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In his memoirs, Richard Nixon, then a US Senator, wrote: “The most serious charge that can be brought against the Johnson administration is that it lost the war in Vietnam.” However, this charge was totally false, for it was Johnson’s decision that led to the loss of the war.According to former Defense Secretary Donald Rumsfeld’s recently released memoir, as a young Congressman from Illinois in 1966 he strongly challenged President Lyndon Johnson’s strategy in Vietnam at a briefing with the president in February 1966. “With only a small number of U.S. military advisers on the ground, the Vietnam War had not been an issue in my first campaign for Congress in 1962,” Rumsfeld wrote in Known and Unknown. “After Johnson became president and the American war effort expanded, I was willing to support a more robust military campaign in Vietnam, as were many others in Congress. But it was becoming difficult to support the administration, since their policy was increasingly unclear. The president seemed to vacillate between the left flank of his party which wanted concession to the enemy—some were even beginning talk of withdrawal—and those on the right who supported a more decisive military effort.”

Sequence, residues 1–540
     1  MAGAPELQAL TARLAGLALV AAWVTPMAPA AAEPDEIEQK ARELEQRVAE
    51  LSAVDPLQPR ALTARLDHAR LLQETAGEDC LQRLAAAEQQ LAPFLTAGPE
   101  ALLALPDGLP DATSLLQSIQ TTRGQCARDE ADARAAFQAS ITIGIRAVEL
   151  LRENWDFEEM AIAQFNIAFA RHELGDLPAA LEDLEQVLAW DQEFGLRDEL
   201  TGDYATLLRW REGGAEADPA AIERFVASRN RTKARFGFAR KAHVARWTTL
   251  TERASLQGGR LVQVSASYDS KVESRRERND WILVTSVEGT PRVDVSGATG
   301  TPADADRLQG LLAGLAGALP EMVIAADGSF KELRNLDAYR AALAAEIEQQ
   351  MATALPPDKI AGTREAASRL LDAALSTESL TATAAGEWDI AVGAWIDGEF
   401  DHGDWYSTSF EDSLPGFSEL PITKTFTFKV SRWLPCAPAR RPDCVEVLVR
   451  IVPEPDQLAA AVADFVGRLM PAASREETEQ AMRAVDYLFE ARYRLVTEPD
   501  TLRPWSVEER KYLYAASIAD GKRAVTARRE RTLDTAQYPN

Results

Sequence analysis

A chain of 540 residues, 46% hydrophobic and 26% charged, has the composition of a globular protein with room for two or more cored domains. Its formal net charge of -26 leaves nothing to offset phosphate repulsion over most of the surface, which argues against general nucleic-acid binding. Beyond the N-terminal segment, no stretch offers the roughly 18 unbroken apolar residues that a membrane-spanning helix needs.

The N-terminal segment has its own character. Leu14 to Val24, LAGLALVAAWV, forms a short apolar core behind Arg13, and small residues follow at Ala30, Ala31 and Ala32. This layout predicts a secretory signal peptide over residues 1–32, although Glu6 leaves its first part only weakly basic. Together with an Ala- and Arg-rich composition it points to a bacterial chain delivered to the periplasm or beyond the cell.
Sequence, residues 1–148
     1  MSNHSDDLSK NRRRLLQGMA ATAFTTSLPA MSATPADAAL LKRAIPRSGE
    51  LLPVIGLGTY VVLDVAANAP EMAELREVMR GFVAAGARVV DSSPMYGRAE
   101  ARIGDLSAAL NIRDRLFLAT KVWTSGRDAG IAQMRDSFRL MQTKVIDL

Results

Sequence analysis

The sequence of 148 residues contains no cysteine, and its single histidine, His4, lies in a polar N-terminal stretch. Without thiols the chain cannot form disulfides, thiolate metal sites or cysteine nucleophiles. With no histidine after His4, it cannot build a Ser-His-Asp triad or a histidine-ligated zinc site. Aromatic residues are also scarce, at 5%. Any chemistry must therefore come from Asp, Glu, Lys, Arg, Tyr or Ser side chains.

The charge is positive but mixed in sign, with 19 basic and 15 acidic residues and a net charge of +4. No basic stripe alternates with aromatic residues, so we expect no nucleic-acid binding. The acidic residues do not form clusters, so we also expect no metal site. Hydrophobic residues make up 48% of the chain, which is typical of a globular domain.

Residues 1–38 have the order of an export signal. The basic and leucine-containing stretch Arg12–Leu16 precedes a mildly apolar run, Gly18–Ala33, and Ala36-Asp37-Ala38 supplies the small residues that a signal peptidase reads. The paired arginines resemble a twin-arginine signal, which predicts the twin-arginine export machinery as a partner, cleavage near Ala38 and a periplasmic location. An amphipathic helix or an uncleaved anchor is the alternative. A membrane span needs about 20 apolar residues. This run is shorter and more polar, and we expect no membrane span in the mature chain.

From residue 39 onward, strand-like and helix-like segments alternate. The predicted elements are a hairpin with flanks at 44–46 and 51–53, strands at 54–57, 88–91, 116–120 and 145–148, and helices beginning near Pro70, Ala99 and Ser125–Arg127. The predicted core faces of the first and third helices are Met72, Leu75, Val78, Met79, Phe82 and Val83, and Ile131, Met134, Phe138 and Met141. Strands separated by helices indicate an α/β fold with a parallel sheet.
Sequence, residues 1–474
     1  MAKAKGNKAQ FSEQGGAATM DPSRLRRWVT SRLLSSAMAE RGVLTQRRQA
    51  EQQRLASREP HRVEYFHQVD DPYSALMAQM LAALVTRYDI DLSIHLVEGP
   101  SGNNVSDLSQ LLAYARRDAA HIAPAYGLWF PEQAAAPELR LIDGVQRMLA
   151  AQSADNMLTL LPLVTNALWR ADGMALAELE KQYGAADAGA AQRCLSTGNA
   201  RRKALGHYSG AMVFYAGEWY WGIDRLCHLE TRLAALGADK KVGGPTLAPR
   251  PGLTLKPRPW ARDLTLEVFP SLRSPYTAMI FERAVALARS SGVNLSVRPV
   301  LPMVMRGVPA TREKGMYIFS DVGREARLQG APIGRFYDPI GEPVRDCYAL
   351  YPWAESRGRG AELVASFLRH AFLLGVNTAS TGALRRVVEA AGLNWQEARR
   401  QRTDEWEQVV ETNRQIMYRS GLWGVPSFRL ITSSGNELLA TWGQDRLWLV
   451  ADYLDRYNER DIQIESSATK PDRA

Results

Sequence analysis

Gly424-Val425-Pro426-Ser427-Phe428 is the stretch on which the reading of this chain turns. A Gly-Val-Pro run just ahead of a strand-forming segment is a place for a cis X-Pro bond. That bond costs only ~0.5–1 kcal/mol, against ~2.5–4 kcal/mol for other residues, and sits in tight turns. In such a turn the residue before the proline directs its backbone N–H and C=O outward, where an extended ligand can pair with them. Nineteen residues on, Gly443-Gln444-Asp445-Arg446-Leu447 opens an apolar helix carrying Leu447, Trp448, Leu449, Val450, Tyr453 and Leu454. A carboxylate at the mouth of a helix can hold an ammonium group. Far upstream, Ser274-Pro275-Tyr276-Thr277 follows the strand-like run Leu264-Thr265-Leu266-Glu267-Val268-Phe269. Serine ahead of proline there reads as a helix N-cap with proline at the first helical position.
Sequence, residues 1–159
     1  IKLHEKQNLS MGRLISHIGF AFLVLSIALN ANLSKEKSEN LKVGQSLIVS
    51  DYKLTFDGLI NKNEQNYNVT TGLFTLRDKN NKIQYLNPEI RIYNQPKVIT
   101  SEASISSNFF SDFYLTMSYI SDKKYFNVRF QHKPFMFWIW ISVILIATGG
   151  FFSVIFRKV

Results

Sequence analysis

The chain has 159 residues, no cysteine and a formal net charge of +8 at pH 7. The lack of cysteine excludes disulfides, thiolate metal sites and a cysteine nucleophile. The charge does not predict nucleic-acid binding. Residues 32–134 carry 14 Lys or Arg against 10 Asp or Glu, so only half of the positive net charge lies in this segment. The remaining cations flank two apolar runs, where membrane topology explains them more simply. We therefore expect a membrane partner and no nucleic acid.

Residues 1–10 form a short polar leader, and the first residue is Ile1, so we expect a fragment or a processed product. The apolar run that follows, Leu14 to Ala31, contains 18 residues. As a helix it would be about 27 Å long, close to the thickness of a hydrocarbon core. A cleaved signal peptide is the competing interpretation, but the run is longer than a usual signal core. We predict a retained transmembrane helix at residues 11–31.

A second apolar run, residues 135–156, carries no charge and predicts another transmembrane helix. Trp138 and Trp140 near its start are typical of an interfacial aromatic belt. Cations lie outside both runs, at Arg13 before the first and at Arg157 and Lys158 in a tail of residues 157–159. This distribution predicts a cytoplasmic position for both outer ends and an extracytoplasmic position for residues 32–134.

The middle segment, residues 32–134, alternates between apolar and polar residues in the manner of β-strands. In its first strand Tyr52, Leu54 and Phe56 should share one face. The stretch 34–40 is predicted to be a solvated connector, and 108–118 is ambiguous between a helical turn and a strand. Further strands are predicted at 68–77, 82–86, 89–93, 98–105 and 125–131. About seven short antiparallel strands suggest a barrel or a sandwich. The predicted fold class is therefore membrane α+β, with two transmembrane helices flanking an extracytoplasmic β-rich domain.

While Rumsfeld’s account of events leading to the Iraq War during his tenure in the George W. Bush administration is drawing heat for accuracy, he backs up his claims concerning his warnings on Vietnam with a copy of a memo he wrote after his White House briefing, in which, he wrote, the “Vice President supposedly chaired…but with the almost continuous assistance and interruption of the President. The President was up and down like a yo-yo all morning long. He gives the impression of a man sitting on the lid of a volcano, and he keeps erupting. He made at least three direct jabs at Senator Robert Kennedy’s speech (without using Kennedy’s name) concerning dealing with the Viet Cong.”
In the memo he dictated the day after the briefing, Rumsfeld describes his question to the vice president on why the North Vietnamese were “not convinced of our national will.” Rumsfeld wrote: “Before Humphrey could answer, President Johnson popped up and pointing his finger, yelled, I’ll tell you what will convince them—more of the same like we’ve given them.’ I said, ‘Like the bombing pause?’ He said, ‘For the past 30 days we’ve stepped up bombings, 20,000 casualties….’ He described the damage that the U.S. is inflicting on the Viet Cong and the tons of bombs the U.S. is dropping. I then said, ‘Well, Mr. President, if we have been doing this since the conclusion of the pause, is there any hint or indication that we are, in fact, being successful in convincing them? Is this message getting through?’ And he said, ‘No, there isn’t.’”
Later Rumsfeld observed: “The last 20 minutes of LBJ’s performance were defensive and emotional, and at points, I felt embarrassment for him.…He repeatedly said, ‘I want to be able to say I’ve tried everything.’ Note he didn’t say, I’ve tried everything because I want peace.…This type of slip, if it was a slip, is but one of the numerous instances that his comments were phrased in terms of the political situation and where blame would fall and how he would defend himself, and how he would attack anyone who attacked him.”
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